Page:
What will the proposed solutions be? An attentive reading of Raul’s last statements suggests that he intends to promote discussion and later implement a new socialist model. Notwithstanding, Raul did not atempt in his speech to establish the time period for that discussion nor define the terms of such a new model.

This is not the first time that the leadership of the CCP has raised a proposal of this type. Less than 20 years ago, in the middle of “Special Period” (the structural crisis that resulted from the collapse of the euro-Soviet socialist camp) there went out the “call for the Fourth Congress of the CCP,” which was widely discussed.

I participated in that debate when I was a university student, and I recall the radicalism of our proposals, though obviously not all were put into practice.  The recent history of Cuba is full of contradictions, advances and setbacks, failures and spectacular strokes of luck, hopes and depression.

Raul emphasized both the need for a new model and the fact that the 6th CCP Congress will be the last one attended by the historic leadership of the revolution (because of biological laws). Thus he expressed the desire of the historic generation to take part in the discussion of the changes, and the fact that the model of Cuban socialism itself should be reshaped after 50 years of leadership of this historic generation.

Today, many people speak of “Chinese-style” reforms or of “self-managed socialism,” though with these proposals remain the traditional rhetoric about the need for “greater control.” Meanwhile, the situation is becoming increasingly complex and contradictory; sometimes surprisingly so, and perhaps making the path even more interesting.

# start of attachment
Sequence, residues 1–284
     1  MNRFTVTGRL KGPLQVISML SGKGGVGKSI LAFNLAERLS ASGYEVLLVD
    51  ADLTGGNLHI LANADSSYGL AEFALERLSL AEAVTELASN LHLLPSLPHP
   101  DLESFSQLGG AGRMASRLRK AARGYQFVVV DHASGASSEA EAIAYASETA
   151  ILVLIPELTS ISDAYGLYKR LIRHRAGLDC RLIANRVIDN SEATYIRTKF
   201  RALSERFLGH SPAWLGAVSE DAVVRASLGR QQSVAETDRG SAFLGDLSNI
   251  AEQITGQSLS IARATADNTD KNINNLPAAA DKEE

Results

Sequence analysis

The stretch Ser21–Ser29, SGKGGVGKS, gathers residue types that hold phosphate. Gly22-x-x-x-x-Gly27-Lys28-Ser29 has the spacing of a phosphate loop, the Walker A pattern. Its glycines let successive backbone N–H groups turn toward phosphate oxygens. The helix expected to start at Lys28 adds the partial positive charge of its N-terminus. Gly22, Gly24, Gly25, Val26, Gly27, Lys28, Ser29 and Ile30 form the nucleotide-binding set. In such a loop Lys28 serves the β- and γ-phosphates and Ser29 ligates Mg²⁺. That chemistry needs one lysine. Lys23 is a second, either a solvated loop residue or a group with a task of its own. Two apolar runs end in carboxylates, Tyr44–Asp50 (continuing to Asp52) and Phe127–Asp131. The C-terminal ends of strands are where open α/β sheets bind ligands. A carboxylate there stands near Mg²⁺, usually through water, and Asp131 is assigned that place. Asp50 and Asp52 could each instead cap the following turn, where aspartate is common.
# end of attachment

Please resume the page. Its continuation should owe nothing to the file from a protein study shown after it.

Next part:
Dimitri Prieto-Samsonov

Dmitri Prieto-Samsonov: I define myself as being either Cuban-Russian or Russian-Cuban, indiscriminately. I was born in Moscow in 1972 of a Russian mother and a Cuban father. I lived in the USSR until I was 13, although I was already familiar with Cuba-- where we would take our vacation almost every year. I currently live on the fifth floor of an apartment building in Santa Cruz del Norte, near the sea. I’ve studied biochemistry and law in Havana and anthropology in London. I’ve written about molecular biology, philosophy and anarchism, although I enjoy reading more than writing. I am currently teaching in the Agrarian University of Havana. I believe in God and in the possibility of a free society. Together with other people, that’s what we’re into: breaking down walls and routines.



One thought on “New Changes in Cuba

  • One thing you absolutely do *not* want: to follow the chinese CP down the capitalist road to Hell they took long ago. Yanqui deathsquads await you there, instead — not material luxury for all: just look at the rest of the counter-revolutionary capitalist “Third World” for your model. And may there be a real socialist revolution in China soon as well, for that matter. *That* will certainly change things.

    Looked at objectively, Cuba and Venezuela OTOH — together in ALBA with other states — are at different poles of “socialist” being. So I would bet that the Castros & Chávez & Co. have the idea to meet in the middle and ‘split the difference’ somehow, with both states transforming into like political systems, with the best of each being maintained. Which is not such a bad idea — as long as it really is non-capitalist socialism which is the goal there.

    Whatever changes are made in Cuba: *do not throw the socialist baby out with the dirty bathwater*!!

    Reply